I’ve had a part III to the day my father died in the draft area for a while. But I am trying very hard to not dwell on the specifics of his death right now because in a handful of days I will speak at his memorial service about his life.
I have not a fucking clue what I want to say.
My parents have not been an integral part of my life since I was…18? 22? 13? They had strong feelings that the job of parent meant an independent person as the result. And they succeeded at this goal. While my brother has stuck around Chicago a lot more than I, both of us cut the chord pretty quick and easy and young.
I am extremely happy that for the past few years, Tom and I have made the cabin in the north woods a vacation destination and always invited my parents to join us. One year it was pretty cold and rainy, so we stuck around the cabin more than usual and started working on jigsaw puzzles as something to pass the time. We’d set them up in the “study”, the only non-bedroom room that wasn’t a straight shot through the main throughfare of the house. People would come and go throughout the day, drifting in to put a piece or two in place between trips to the kitchen or breaks in chapters of a book. Then ever since, we always bought at least one new puzzle a year. It would get the most attention right before dinner – with Dad drifting in between culinary projects and a plate of cheese and crackers on the old typewriter stand that kept the rest of us entertained if the puzzle didn’t.
But I don’t think jigsaw puzzles a euology make.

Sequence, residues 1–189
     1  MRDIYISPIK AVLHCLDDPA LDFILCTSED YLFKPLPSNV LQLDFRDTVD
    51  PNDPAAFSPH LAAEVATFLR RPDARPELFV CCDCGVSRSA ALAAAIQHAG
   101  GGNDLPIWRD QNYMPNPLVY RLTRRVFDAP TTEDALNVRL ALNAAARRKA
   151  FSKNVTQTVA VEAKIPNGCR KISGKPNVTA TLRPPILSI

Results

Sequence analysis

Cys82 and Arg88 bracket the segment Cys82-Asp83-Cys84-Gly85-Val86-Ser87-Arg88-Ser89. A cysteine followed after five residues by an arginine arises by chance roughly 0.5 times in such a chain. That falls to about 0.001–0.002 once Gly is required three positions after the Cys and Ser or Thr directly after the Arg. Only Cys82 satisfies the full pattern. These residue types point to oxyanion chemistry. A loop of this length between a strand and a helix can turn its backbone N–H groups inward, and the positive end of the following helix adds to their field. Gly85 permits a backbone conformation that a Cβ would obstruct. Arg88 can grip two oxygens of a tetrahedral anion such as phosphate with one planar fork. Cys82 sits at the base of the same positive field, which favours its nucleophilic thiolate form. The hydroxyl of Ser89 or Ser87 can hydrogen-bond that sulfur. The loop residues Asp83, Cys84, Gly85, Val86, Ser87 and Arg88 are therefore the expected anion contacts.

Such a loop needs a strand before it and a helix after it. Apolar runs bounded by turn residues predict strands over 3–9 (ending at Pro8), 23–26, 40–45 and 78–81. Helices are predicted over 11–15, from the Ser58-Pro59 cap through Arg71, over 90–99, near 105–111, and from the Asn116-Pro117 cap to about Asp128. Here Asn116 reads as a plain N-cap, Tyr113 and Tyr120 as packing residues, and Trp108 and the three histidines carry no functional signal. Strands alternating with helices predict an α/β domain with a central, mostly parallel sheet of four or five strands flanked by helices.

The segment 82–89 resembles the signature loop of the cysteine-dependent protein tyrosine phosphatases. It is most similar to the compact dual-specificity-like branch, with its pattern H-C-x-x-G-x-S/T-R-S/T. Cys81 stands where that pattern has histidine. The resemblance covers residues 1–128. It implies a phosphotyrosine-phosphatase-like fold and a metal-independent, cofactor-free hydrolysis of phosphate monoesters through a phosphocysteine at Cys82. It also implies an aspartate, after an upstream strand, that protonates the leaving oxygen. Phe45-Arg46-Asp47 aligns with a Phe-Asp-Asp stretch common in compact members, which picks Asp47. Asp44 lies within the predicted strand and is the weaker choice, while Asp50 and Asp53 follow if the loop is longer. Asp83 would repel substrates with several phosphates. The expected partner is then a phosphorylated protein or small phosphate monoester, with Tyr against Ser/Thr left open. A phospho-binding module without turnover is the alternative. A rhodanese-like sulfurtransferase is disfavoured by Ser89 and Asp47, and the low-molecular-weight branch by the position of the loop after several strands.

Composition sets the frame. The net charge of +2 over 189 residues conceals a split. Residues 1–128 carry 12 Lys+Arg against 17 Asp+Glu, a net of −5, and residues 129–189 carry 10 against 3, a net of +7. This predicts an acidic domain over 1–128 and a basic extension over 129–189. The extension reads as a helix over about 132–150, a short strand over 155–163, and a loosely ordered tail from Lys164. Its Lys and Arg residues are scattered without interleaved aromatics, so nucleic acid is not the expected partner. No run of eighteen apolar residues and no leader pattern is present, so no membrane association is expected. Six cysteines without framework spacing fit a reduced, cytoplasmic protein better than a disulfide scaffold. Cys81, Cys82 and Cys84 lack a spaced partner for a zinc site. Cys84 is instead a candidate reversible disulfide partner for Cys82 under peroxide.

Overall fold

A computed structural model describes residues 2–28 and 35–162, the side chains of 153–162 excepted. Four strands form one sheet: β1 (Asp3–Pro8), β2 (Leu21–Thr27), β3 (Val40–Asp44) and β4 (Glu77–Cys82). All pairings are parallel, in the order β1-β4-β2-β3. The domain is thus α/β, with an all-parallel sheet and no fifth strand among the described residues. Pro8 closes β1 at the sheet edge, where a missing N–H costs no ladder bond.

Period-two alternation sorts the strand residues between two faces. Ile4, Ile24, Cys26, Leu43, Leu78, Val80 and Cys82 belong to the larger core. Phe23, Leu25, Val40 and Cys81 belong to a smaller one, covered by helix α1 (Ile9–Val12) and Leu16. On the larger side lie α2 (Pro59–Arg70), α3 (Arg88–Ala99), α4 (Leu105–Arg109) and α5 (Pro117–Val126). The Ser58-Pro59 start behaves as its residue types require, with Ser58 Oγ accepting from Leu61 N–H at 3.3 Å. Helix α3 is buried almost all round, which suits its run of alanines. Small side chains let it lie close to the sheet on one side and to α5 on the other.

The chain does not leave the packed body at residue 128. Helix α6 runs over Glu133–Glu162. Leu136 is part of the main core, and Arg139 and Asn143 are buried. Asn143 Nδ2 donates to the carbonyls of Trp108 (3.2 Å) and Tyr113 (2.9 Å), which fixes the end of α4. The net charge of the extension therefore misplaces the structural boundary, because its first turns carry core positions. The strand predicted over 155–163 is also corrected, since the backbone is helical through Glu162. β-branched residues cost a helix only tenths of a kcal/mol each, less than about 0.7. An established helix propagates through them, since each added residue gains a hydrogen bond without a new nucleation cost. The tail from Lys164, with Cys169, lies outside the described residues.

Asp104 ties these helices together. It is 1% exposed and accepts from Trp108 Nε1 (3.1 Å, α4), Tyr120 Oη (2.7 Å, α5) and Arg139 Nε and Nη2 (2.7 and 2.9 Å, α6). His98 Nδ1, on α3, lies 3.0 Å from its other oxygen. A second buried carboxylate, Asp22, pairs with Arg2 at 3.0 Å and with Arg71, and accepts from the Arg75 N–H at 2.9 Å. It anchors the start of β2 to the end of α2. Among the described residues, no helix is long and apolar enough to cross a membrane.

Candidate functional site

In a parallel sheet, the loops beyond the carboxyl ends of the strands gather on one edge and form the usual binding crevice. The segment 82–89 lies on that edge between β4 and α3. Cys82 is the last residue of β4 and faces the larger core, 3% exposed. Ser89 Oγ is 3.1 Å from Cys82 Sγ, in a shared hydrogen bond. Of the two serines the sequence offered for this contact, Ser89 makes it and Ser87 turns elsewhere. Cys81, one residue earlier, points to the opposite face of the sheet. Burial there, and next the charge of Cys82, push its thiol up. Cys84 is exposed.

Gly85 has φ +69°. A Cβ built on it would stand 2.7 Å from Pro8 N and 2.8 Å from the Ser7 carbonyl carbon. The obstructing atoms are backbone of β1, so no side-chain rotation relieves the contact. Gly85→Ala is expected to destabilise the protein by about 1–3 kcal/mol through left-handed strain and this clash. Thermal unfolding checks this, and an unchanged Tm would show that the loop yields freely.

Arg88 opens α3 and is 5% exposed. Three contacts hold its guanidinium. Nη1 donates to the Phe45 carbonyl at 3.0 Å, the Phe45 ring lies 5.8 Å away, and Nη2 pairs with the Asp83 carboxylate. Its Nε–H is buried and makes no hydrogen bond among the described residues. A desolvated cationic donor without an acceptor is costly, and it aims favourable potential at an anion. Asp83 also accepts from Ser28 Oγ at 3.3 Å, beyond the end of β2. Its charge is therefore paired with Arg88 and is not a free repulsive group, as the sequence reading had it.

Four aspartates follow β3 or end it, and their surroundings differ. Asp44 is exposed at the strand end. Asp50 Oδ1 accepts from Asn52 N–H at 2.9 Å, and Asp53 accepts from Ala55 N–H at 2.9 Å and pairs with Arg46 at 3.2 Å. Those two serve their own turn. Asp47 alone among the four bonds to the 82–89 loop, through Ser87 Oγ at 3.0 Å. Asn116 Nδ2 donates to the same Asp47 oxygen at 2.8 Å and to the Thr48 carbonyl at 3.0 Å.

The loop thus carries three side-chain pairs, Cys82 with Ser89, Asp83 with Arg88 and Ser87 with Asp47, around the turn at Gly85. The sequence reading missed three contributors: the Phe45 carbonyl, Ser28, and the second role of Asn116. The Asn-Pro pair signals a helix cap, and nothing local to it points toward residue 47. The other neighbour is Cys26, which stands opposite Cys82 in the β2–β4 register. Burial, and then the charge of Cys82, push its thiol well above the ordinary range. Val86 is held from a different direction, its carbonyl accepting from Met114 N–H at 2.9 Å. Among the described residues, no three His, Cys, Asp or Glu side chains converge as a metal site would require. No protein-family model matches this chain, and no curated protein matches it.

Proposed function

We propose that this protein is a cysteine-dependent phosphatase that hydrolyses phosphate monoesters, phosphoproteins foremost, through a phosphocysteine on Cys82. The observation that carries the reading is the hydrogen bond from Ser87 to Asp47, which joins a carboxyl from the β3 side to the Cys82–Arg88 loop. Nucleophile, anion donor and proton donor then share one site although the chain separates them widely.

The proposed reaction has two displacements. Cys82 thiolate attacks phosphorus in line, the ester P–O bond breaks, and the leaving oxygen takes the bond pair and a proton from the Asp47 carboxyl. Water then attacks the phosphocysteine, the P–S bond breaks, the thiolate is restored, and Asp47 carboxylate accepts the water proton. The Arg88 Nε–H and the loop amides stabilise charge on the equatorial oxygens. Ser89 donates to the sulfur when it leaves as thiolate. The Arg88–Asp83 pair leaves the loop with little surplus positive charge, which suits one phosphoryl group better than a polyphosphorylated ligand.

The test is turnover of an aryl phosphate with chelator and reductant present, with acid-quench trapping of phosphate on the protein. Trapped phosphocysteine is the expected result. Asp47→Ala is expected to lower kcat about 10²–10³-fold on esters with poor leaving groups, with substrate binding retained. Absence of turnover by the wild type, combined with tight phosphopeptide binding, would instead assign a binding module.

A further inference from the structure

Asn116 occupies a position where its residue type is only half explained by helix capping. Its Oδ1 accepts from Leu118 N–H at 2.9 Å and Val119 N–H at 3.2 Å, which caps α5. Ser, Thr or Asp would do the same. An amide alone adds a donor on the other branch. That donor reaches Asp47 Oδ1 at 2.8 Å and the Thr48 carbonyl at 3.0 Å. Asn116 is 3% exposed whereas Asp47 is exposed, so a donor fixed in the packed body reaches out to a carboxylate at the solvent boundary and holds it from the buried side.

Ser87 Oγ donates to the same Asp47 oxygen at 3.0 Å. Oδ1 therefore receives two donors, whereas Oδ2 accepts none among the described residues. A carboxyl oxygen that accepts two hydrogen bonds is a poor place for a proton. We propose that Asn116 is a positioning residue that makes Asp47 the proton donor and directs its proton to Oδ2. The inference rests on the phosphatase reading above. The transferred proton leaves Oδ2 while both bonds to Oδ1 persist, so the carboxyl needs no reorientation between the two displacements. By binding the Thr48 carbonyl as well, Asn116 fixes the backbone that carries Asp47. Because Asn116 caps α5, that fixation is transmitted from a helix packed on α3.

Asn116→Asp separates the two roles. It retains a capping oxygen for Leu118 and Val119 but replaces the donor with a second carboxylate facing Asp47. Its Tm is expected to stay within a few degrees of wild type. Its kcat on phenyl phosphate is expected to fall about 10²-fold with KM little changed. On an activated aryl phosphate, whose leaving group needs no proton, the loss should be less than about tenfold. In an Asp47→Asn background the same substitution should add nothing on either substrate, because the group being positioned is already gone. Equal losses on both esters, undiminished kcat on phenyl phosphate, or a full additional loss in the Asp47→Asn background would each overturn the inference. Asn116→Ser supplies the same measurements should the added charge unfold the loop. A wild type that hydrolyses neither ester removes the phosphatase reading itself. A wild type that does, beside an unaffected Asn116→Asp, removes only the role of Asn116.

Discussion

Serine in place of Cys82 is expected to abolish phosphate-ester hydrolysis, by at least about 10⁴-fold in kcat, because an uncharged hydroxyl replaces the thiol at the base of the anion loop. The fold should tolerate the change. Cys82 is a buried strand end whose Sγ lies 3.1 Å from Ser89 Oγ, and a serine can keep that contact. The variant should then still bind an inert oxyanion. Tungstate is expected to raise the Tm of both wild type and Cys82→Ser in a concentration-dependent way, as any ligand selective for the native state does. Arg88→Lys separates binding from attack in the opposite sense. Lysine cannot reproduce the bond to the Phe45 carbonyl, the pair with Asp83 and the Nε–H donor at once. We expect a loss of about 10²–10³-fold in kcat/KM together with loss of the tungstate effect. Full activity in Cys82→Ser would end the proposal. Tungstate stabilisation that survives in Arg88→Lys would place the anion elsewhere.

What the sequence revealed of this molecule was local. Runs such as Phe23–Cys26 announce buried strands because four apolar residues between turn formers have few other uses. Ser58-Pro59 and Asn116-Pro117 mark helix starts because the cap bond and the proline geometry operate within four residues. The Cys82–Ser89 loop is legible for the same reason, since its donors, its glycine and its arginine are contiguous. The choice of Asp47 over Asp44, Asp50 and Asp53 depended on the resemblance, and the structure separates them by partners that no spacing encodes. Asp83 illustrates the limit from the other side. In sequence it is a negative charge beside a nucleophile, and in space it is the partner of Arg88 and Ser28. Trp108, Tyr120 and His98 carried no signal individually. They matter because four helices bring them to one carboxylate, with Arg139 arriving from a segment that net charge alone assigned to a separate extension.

The reality is, to me my dad just was. He was an incredibly comfortable person for me to be around (after the dreaded teens). He loved Star Trek. He loved to cook. He never was shy about telling my mom that he could use some backrubs (something I appreciate and model in my own marriage). He was uniquely clumsy – never tripping much or dropping many dishes, but nearly put out his eye with a posthole digger and sliced open his hand separating frozen veggie burgers. He was an ex-smoker. He loved to drink, just beer and wine, and never seemed embarrassed when he’d had a few too many nor ever seemed to feel the effects the next day. He could play piano by ear and found my sheet music confusing. He read as if it were a daily vital nutrient – something that is either genetic or enivornmentally absorbed because my brother and I are the same way. Shy and introverted, he always was a little out of step with normal social rules (another inherited trait), he announced his engagement at his grandmother’s wake because he thought everyone could use some cheering up. He loved to garden and approached it with a scholarly attitude leaving notebooks of where seeds were ordered, what bloomed when, and a million little plastic sticks littering the house that were to mark the next years plants. He was messy – almost unsanitary – in the kitchen and the garden, sometimes combining the two because a butcher block is a great place to pot seeds. He hated to throw things away and in cleaning up I found several bottles of oil/vinegar/spice completely empty yet sitting amongst the collection of viable condiments. He was kind. Amazingly kind. He had the softest heart for animals (except bunnies that ate from his garden).
He was the best.